Volume 15 | Issue 3 | Year 2012

As a company based in Mexico and owned by Villeroy & Boch, a leading ceramics firm with headquarters in Germany, Vilbomex understands the advantages that both countries bring to the manufacturing table. “From Germany we’re getting a clear line concerning the need to expand our production levels in Mexico,” says Manuel Monge, sales and marketing director of Latin America for the company.
Vilbomex, which specializes in toilets, sinks, and bathroom accessories, has been forming plans to do just that: increase production in Mexico. “It’s not just a cost issue; it’s also to develop the local industry,” explains Monge.

The company currently carries two brands: Vitromex, which for more than 40 years has been sold in Mexico; and Villeroy & Boch, a high-end brand that offers products to enhance bathroom wellness. Villeroy & Boch has experienced rapid growth in the Mexican and Latin American market during the last years, and the company has its sights set on a continued uptick in sales for both brands in the near future.

Regarding the company’s history, “our story is really two stories,” notes Monge. The Mexican company Muebles para Baño Vitromex first began in 1967 in the northern city of Saltillo, Coahuila. At its start, the firm manufactured and sold ceramic bathroom accessories. During its early years, Vitromex formed part of Grupo Industrial Saltillo, a group of companies dedicated to the manufacturing of a wide array of products, including flooring products, ceramic and porcelain tiles for residential and commercial use, water heaters for residential and commercial use, and bathroom fixtures.

Throughout the next decades, the company’s presence grew in Mexico to the point where it became one of the most important brands in the production and commercialization of bathroom furniture, accessories, and fixtures in the country.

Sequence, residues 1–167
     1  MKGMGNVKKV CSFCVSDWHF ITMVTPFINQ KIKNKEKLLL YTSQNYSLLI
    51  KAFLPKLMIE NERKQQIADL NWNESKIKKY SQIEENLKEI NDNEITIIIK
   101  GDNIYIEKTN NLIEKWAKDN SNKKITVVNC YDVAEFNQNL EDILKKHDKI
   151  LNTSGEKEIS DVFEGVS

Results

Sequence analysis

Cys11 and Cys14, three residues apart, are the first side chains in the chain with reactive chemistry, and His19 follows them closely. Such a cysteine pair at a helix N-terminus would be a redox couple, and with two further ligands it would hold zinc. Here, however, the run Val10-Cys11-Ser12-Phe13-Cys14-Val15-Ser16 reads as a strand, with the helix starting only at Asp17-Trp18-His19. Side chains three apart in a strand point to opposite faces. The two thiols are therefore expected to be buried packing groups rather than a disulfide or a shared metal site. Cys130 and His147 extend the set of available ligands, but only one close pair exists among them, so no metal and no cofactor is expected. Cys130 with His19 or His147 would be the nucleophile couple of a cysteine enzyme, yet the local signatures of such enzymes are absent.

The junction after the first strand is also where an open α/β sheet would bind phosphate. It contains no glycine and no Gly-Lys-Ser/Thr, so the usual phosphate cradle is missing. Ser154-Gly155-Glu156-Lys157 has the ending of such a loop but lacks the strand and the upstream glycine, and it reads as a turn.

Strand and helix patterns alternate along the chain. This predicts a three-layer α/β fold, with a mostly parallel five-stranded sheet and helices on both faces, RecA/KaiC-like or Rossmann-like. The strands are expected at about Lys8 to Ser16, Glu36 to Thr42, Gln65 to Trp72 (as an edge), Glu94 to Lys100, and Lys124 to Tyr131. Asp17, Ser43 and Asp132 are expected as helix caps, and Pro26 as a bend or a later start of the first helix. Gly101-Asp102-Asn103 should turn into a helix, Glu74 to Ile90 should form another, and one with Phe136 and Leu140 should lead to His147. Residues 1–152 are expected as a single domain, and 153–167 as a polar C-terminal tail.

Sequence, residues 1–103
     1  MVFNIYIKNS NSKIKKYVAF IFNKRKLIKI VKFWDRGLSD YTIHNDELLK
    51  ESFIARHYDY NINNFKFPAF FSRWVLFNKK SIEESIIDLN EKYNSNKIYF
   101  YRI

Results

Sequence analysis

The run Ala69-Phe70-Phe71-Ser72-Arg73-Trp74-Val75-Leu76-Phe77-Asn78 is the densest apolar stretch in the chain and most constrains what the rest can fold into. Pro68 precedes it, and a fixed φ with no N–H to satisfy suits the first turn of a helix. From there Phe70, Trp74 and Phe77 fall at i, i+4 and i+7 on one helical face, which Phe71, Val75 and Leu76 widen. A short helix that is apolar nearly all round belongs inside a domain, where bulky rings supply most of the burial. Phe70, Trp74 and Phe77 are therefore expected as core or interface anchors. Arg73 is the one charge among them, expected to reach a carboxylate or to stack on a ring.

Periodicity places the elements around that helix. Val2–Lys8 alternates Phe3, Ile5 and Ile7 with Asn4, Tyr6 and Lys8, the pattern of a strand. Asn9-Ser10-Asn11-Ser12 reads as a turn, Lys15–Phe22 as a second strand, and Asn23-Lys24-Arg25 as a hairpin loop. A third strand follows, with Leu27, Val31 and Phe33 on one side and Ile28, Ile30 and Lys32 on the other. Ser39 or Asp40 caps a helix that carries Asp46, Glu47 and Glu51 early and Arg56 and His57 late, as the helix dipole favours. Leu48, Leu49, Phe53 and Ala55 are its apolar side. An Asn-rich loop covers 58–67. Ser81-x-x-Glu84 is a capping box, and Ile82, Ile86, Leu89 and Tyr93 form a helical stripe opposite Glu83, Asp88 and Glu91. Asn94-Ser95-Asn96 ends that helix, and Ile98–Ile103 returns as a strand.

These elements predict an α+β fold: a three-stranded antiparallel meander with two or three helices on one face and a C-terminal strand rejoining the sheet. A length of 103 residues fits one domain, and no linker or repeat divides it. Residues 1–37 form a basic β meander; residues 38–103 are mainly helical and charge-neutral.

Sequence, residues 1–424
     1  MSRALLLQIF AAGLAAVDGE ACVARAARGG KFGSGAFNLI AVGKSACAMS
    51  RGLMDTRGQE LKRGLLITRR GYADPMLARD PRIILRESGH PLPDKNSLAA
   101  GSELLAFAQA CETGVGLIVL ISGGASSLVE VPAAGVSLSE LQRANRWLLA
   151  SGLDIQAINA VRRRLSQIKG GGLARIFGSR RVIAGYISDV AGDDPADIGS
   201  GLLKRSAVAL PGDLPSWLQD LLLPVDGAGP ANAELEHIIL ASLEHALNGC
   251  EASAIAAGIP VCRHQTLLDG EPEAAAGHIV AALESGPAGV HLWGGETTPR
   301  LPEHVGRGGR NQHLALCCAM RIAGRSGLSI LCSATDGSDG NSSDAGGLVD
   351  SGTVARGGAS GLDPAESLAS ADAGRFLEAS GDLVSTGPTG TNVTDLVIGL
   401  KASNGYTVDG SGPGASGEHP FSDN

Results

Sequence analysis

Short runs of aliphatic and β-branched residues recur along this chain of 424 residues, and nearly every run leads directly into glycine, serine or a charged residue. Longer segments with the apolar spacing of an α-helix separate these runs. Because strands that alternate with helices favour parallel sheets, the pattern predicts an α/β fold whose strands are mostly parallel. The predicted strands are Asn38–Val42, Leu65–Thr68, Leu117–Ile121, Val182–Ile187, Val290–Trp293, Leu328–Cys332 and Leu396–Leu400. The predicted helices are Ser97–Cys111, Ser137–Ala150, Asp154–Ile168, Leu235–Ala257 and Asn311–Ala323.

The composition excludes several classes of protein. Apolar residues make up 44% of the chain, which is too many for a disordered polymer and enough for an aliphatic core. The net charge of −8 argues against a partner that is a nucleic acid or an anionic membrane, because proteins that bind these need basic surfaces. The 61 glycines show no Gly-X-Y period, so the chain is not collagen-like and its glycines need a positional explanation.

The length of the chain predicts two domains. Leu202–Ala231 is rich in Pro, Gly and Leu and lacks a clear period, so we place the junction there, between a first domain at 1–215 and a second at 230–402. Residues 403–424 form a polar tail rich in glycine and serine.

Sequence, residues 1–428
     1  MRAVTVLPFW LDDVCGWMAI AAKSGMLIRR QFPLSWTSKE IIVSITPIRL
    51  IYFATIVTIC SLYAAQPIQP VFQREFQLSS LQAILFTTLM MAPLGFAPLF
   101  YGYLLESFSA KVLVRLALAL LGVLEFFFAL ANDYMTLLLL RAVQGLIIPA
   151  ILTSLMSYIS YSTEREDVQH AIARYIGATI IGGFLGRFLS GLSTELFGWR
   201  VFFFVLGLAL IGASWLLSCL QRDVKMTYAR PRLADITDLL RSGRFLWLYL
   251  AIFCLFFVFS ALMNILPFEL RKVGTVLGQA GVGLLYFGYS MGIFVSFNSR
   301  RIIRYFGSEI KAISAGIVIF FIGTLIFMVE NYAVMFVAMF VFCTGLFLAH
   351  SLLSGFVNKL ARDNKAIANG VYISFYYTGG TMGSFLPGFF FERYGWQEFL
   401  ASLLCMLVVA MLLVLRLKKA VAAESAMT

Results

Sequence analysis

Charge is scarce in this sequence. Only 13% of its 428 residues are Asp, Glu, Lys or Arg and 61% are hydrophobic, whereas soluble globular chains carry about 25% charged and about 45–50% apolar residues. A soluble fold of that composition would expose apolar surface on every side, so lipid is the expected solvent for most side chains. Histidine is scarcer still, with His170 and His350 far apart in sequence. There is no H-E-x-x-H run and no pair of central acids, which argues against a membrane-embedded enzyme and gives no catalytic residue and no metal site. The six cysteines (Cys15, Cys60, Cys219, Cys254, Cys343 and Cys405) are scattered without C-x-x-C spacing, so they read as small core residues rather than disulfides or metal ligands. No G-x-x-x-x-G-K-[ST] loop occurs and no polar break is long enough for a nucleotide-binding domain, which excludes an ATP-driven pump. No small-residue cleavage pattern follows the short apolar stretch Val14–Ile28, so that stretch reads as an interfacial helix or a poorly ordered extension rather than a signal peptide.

In June of 2006, Vitromex was sold to Villeroy & Boch, a widely recognized German firm dedicated to the manufacturing and commercialization of ceramic bathroom products and tableware. Founded in 1748, Villeroy & Boch is represented in 125 countries in today’s market.

The company Vilbomex – a combination of the names Vitromex and Villeroy & Boch – formed as a result of the acquisition. In 2007, products with the Villeroy & Boch brand were introduced to the Mexican market.

Today at Vilbomex, “we operate two very distinct brands, and have two different focuses to reach the Mexican market,” notes Monge. “On the one hand, Vitromex has 45 years of experience in the Mexican market and is one of the leaders in market share.” The brand covers a wide range of products, including low-cost, high volume goods, as well as higher-end products that are sold through a distribution network.

On the other hand, “Villeroy & Boch is more focused on the higher end segments of the market,” Monge explains. Some of the products sold under the brand Villeroy & Boch are manufactured in Europe and sold in Mexico; others are manufactured in Mexico. Approximately 20 percent of the Villeroy & Boch items produced in Mexico are exported to plants in Europe.

To carry out production, the company has a plant located in the city of Ramos Arizpe, located in the northern state of Coahuila. The plant employs approximately 300 workers. In addition, the company has a small artisan-focused plant in the city of Lerma, situated in the Estado de Mexico in the central region of the country. The Lerma plant employs about 50 workers, but the plant’s focus involves custom designs. “At that plant, we can make gold leaf sinks, or items with hand painted designs,” says Monge.